Next stop on the Brazil foray was Caratinga, specifically to see the Northern Muriqui.
These are the largest South American (non-human) primates. There are fewer than 1000, they are restricted to the Atlantic Forest region of Brazil and because of fragmentation of the forests the remaining Muriqui are languishing in small isolated groups. The best studied group are to be found on a private reserve – Reserva Particular do Patrimônio Natural Feliciano Miguel Abdala, in the state of Minas Gerais. All praise to its owner.
The Muriqui has long limbs and a long prehensile tail. They swing through the trees with great agility eating mainly young leaves and fruit They live mixed-sex groups of between 8 and 80 individual which are not particularly territorial or aggressive. Females tend to give birth to a single offspring during the May – September dry season. Male offspring remain with their natal group. Females disperse to join other groups once they have reached adolescence at 5 – 7 years.
We found a female with a baby and an older sibling almost immediately and later a group of twenty or so.
We spent a long time with the Muriqui, but as is always the case, time in the field is always rewarded. The day yielded 44 species of bird and three more primates … Buffy-headed Marmoset, Brown Howler and Black Capuchin. Plus a Nine-banded Armadillo made a brief appearance, it’s rare to see these at all and most sightings are at night.
The South American Coati, Nasua nasua, is quite common at Iguaçu. It is a member of the raccoon family (Procyonidae). They are about 30 cm tall at the shoulder, and weigh between 2 and 8 kg. Males are much bigger than females and once mature live a solitary life except in the mating season. Females and young tend to travel in bands with their tails raised. They are equipped with powerful claws and sharp teeth, the long tail is not prehensile. Their snout is capable of quite a range of movement.
The Black Capuchin is less intrusive in its habits. It is a primate, of course.
One of the rarest and most spectacular birds that I saw on the trip was the Black-fronted Piping-Guan, Aburria jacutinga, crippling views …
Argentinians speak Spanish with a marked accent. I studied Spanish with a teacher of Argentine origin. Some years ago I met some tourists from Barcelona who thought my Spanish was so awful because I was Argentinian. On my recent day trip to Argentina I met some locals who thought my Spanish was so awful because I was Brazilian. There is a consensus on my Spanish.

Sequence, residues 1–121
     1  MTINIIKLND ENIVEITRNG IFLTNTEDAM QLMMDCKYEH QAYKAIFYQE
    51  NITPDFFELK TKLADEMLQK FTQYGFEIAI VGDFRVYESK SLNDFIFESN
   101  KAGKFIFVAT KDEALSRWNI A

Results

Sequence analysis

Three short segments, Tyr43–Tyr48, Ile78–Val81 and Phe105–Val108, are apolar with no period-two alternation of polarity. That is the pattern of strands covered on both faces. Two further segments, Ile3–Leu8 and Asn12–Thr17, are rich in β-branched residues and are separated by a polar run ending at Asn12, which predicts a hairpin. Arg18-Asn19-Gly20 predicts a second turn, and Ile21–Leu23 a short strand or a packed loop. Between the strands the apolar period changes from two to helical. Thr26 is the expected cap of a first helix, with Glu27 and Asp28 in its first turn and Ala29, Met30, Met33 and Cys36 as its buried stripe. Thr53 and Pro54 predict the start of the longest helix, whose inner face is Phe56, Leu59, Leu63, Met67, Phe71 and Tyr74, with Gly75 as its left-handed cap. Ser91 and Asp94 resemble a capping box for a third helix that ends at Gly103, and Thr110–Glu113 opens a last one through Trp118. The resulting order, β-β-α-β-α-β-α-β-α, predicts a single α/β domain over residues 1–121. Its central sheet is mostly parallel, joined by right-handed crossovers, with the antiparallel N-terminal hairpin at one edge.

The trip from Iguaçu to Iguazú was relatively painless, recent changes mean that there are no formalities at the Brazilian border post but there is still a delay on the Argentinian side. The journey takes you in sight of the confluence of the Iguazu river with the Paraná. You can see Argentina on one side, Brazil on the other and Paraguay in between. Poor Paraguay, history has not been kind to her.
From the car park it’s a short walk and a train ride out towards the falls. From the end of the line there are a number of paths that lead to spectacular views. The most spectacular of all is to a platform on the very tonsil of the Devil’s Throat, la Garganta del Diablo. If you want a photo from here take a waterproof camera and a very wide-angle lens. Here you are conscious of the sheer power of the falls.
Other walks trade power for panorama.
It’s easy to see why Eleanor Roosevelt on seeing Iguazu exclaimed “Poor Niagara!”
The Iguaçu river arises on the inland side of the Brazilian coastal range. Water that falls on the other side of the watershed doesn’t have far to travel to the sea, but the Iguaçu heads west through Paraná State, becomes the border between Brazil and Argentina and after 1,320 km it empties into the Paraná River at the point where the borders of Argentina, Brazil, and Paraguay meet, the Triple Frontier. The Paraná goes on to collect the Paraguay River and later the Uruguay River forming the Río de la Plata which empties into the Atlantic Ocean at Buenos Aires. It is the second longest river system in South America.
Not far from the Triple Frontier the Iguaçu drops with spectacular force over the edge of the Paraná Plateau.
The edge of the falls is 2.7 km long and the flow is interrupted by islands. The most spectacular point is the Devil’s Throat (since I am standing on the Brazilian side, the Garganta do Diabo).This is a long and narrow chasm 82 meters high, 150 m wide, and 700 m long. It collects about half of the river’s flow.
The area surrounding the falls is protected by national park on both the Brazilian and Argentine side. There is a gorgeous old hotel on the Brazilian side …
Turning right about 120 degrees gives a view of the falls …
Walkways from the hotel take you down hill slowly to the foot of the falls. An elevator! will take you up to a car park to catch a bus back if you want. For those with more vigour it’s not that arduous a walk back.
The forest around the falls is rich in wildlife. We encountered Coatis, Black Capuchin monkeys and Azara’s Agouti. Don’t feed the wildlife – remember Brazil does have rabies although Amazon bats and urban dogs are the main vectors. The bird list grew rapidly and included Red-rumped Cacique, Surucua Trogon, Toco Toucan, Plush-crested Jay and Chestnut-eared Aracari just to mention the more spectacular. And the butterflies were doing their best to rival the birds.
Great Dusky Swifts congregate in immense numbers above the falls and roost behind the curtains of water.
There is no one spot that permits a view of all the falls. The experience has to be put together in increments. To see the falls from one side only would be to sell yourself short, so tomorrow it’s off to Argentina.